Have you ever downloaded an app from the Play Store only to realize that you need features that are just missing in the app? Well, if you have the requisite skills, then this Techspirited article will show you how to write an app with AIDE, and that too on your phone itself.
To write an app for Android, fair knowledge of JAVA and XML programming is a prerequisite.
Let’s start with the good news first. No more waiting for those huge environment files to download so that your PC can run the required software. By the time you have all the environment set up, you are so tired that the energy to write an app has just ebbed away. The result? Hours of time wasted with no output. Here’s a way to avoid all that cumbersome work, and start working on your app right away. You can say that Eclipse and Android SDK are now a thing of the past, but we’ll get to that later. First, let’s guide you through the process of writing your own app on the all-new AIDE.
To start with, you need to have an Android Phone or any Android app Player; I prefer the Bluestacks app player for PCs. If you are working on your phone itself, you will have to download and install AIDE, which is available from the Play Store. Alternatively, if you are working on your PC, then the aforementioned Bluestacks player needs to be installed on the PC. Once you are done with this step,
1. Open the app (AIDE on the phone, or Bluestacks on the PC)
2. A popup dialog box will appear. No need to panic, this is where you will name your app. Don’t worry about the information and other details there, all you have to do is to give your app a name. Remember that there are no spaces allowed in the name.
3. In this case, we have chosen the app name ‘FirstApp’. After you enter the desired name, press the Create button.
After you press the create button, give the program a little time to execute the command. If you are working on the phone, remember that it is performing the task of a desktop having Eclipse and SDK for Android running together. Basically, it is doing everything that your IDE would do on your computer.
4. After it has loaded, a white screen will appear with some text on it. This is your JAVA editor; type your algorithm-logic code here.
NOTE: You will also see a box that covers most of your screen. This is nothing but the file explorer. Pressing the computer icon present at the top right corner will toggle the explorer on or off.
NOTE: Tapping on the white screen will get you the keyboard. When you load the application, there is already some text that appears. This is your JAVA code.
When you are writing the code, most of it goes inside a bracket known as a class. You can read some of this code written as public Class MainActivity extends Activity. Here, it asks the Main Class to act as an Activity.
5. Search for setContentView(R.layout.main); and delete it.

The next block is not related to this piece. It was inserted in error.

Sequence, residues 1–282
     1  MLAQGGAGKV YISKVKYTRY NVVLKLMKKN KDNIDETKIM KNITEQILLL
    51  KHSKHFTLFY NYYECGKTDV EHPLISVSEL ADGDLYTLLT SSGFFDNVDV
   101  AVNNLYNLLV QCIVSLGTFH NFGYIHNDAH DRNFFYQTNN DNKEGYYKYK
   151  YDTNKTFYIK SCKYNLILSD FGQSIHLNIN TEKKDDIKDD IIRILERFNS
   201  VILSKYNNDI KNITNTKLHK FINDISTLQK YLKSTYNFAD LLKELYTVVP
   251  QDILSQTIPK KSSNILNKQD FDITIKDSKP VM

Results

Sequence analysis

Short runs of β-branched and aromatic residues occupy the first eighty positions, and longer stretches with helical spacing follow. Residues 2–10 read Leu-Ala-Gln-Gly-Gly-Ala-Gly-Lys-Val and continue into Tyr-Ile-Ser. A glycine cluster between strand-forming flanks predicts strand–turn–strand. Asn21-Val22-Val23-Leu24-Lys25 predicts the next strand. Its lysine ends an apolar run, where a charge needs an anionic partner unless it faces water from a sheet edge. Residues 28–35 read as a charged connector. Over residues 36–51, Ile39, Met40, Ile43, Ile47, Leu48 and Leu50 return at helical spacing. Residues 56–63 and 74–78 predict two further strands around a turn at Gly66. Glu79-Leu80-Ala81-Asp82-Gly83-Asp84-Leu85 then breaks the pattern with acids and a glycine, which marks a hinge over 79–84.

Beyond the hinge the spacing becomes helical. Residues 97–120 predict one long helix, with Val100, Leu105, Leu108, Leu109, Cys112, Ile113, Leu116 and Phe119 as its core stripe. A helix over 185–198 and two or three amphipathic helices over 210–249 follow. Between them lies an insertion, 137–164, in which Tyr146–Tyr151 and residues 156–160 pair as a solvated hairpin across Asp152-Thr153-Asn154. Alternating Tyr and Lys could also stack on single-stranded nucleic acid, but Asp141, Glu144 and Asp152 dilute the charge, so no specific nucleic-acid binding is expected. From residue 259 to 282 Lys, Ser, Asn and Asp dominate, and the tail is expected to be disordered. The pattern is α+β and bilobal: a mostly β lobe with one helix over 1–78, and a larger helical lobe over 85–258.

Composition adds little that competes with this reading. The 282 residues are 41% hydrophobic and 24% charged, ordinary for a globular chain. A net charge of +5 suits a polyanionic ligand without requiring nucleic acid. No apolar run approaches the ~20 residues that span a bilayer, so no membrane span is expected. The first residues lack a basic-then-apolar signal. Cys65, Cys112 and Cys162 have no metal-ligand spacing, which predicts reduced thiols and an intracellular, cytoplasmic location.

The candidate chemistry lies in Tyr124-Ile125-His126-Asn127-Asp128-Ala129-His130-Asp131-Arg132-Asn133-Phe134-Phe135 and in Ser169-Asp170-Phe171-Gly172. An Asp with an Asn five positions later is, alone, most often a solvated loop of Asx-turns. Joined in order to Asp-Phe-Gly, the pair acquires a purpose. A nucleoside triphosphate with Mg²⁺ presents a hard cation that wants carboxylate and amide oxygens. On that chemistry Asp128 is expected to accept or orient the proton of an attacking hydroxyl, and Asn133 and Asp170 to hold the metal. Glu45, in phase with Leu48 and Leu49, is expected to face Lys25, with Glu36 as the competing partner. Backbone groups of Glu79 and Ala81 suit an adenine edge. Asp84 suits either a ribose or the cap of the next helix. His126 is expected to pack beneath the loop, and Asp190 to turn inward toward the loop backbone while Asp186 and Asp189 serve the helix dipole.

When you want to display any text (a sentence or a number), you need to have it stored inside a variable (). Then the Class will tell Android that this variable should be displayed through a TextView (displaying class).
So, we write: TextView text;
NOTE: Do not forget the semi-colon at the end of the line. This basically informs the system that one command is over, and it can proceed to the next command.
6. Below, we will say this text will act as a new TextView for now. We need to use the following code:
Now, we need to tell the ‘text‘ to take some value and display it. So, we set text in double quotes (only if it’s alphabets and numbers).
Text.setText(“Your text goes here.”);
text.setText(“Hello Android User!”);
NOTE: You can write anything as long as it stays within the quotes.
AIDE has an amazing feature known as Intellisense, also found in IDEs like Microsoft Visual Studio and Adobe Dreamweaver. Intellisense is basically an auto-complete feature that recognizes text or values as you start typing. Relevant entries are shown in a drop-down menu for you to choose the desired option.
So, now as you go in and type
A drop-down will appear, and you can tap on it. Inside the brackets, you need to key in the name of the variable that needs to be displayed.
Voila! You have an app ready to run.
Now, press Options ? Run
IDE will build your app(.apk) and execute it on your phone, and will then ask you to install it.
After installing, you will see what you had written within those double quotes, in Step 6.
That’s what I got, what did u get?
You can go ahead and type stuff, and run the application.
Now, after you are done with playing around with multiple apps, you might want to re-open the previous or another app, recalling the previous part where we toggled the explorer, you need to open that again,
and go the following path:
Congratulations! Here’s your first app running. Keep programming and developing. Also, keep commenting and stay tuned for more!